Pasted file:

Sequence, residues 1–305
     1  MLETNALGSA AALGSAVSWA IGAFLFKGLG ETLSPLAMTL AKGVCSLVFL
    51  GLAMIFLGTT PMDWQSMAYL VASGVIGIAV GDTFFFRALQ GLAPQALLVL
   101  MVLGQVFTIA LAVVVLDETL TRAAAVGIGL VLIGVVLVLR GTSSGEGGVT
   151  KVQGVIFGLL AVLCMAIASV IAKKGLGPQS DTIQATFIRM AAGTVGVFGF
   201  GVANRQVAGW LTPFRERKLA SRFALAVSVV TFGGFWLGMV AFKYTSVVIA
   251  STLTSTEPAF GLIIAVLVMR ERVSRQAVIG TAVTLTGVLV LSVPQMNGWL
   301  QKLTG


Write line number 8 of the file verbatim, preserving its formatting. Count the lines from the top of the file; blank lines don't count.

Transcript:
   301  QKLTG